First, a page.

Well, well, well, it seems the Business Roundtable, a Who’s Who of the leaders of capitalism, have had a Come-To-Jesus moment and decided that stockholders aren’t the only masters that companies serve.
I can’t wait to hear what stockholders think of that.
No, it seems that now customers, employees, suppliers and communities also have needs that must be served, as well. Never mind that any time a big company slices thousands of jobs off its payroll, Wall Street practically has an orgasm.
I saw the announcement on this and immediately thought of the numerous horror stories I’ve read and heard first hand about what it’s like to work at Amazon. Yet Jeff Bezos has signed off on the new “Statement of Purpose,” along with nearly 200 other titans of industry.
The New York Times had a great expose a few weeks back about food delivery app DoorDash. One of its reporters went undercover as a delivery guy to show what a miserable existence it was — topped off by the fact the company pocketed the tips he received. The story helped change the company’s tipping policy.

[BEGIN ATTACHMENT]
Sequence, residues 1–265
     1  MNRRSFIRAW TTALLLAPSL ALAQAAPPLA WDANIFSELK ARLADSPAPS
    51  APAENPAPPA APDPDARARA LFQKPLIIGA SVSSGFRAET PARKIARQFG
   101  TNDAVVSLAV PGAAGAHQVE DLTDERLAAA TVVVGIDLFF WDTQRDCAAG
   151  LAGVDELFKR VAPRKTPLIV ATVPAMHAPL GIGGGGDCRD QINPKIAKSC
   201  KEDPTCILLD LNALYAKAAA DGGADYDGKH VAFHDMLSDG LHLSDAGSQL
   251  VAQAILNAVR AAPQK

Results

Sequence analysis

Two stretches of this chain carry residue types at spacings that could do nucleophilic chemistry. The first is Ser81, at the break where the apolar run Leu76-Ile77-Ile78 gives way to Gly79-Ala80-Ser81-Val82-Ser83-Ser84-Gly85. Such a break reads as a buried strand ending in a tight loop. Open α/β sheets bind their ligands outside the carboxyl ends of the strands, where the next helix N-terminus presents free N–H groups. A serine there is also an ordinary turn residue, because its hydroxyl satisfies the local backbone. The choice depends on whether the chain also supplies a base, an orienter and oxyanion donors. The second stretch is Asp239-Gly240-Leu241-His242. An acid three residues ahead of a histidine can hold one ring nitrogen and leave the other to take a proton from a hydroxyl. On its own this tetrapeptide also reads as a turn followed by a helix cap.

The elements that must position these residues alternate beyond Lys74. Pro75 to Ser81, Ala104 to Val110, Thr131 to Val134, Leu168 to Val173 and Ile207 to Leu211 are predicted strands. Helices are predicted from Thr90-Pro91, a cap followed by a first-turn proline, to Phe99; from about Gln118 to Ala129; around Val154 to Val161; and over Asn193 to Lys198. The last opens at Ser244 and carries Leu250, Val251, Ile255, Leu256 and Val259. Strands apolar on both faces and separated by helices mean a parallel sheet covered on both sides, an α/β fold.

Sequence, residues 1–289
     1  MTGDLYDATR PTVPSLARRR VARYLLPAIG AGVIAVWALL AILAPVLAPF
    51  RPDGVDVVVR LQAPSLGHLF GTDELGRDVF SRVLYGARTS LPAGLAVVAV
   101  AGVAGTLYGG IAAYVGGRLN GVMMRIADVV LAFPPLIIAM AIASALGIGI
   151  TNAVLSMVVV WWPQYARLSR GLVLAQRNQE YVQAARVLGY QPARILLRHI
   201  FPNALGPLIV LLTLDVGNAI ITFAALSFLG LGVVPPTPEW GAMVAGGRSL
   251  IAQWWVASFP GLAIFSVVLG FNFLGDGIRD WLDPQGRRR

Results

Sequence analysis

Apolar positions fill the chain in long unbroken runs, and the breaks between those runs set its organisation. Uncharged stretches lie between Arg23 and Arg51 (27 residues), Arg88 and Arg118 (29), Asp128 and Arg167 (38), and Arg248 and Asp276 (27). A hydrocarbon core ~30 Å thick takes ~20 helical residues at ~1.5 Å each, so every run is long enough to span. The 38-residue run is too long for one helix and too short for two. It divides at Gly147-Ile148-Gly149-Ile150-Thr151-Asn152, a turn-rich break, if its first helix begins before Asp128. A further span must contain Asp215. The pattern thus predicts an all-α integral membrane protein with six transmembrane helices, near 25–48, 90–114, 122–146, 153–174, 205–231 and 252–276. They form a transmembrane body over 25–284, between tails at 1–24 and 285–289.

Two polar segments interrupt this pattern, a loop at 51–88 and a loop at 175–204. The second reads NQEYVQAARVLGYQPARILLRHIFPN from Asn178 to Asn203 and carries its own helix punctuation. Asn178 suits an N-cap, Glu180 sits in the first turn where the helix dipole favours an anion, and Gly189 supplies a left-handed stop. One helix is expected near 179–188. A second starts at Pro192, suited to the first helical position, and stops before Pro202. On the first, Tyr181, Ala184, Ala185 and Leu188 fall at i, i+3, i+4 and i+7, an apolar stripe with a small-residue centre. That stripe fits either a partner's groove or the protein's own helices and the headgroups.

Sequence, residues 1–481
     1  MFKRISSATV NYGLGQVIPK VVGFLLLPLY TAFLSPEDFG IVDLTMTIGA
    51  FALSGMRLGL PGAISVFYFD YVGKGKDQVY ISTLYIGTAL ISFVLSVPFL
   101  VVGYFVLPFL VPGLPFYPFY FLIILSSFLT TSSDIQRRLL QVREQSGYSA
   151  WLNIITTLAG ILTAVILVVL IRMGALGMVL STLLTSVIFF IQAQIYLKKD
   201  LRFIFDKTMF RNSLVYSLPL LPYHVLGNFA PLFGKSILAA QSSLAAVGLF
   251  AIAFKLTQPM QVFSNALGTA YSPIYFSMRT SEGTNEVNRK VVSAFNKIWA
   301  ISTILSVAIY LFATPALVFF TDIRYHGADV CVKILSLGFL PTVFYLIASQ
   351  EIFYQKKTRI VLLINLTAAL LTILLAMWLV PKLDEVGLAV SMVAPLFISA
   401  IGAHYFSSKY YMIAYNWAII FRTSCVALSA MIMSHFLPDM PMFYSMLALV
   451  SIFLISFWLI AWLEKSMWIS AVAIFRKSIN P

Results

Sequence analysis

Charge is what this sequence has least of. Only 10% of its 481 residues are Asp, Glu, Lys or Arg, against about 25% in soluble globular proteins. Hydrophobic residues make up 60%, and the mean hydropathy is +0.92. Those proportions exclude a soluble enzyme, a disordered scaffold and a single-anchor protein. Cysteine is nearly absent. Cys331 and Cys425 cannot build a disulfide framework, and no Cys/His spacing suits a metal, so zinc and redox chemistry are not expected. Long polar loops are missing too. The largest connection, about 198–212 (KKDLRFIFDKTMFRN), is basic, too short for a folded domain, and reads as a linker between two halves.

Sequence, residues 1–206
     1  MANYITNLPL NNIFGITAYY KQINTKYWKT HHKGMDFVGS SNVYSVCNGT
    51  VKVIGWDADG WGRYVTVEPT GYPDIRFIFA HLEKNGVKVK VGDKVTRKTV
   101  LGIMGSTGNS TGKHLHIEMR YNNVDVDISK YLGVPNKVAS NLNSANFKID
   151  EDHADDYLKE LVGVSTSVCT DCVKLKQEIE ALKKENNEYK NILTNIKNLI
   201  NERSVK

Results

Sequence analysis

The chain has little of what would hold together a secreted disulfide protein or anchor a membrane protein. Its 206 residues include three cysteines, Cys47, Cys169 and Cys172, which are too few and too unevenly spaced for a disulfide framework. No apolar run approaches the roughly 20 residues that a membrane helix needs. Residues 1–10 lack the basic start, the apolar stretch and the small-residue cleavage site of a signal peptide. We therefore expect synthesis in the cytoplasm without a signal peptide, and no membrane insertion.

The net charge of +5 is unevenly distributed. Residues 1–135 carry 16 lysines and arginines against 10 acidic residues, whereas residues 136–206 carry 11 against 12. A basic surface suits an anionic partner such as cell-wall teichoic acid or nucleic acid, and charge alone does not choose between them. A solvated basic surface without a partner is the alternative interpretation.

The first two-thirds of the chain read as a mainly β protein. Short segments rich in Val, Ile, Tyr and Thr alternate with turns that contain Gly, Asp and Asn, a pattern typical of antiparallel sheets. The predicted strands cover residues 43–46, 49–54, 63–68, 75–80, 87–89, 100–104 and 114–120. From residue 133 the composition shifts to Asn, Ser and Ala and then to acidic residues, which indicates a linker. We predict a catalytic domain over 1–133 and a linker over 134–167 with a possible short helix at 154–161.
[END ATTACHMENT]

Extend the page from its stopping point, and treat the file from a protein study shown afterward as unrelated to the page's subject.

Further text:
I'm not sure what the company's view is about this new BR positioning.
Lots of industries run by today’s version of robber barons are no picnic to work in. Uber and other ride-sharing services are said to be pretty rough.
Yet now the Business Roundtable is saying, in effect, we’re changing our ways. That customers, employees, vendors, communities and shareholders all matter.
Clearly, millennials and their purpose-driven mind-set have influenced the BR’s new outlook. And their spending power is growing by leaps and bounds.
Who knows what this new decree really means. The BR is reacting to generational changes. But even if it means what it says, investors still rule the roost. At the very least, they’ll remain first among equals.
But hey, like it or not, that’s capitalism.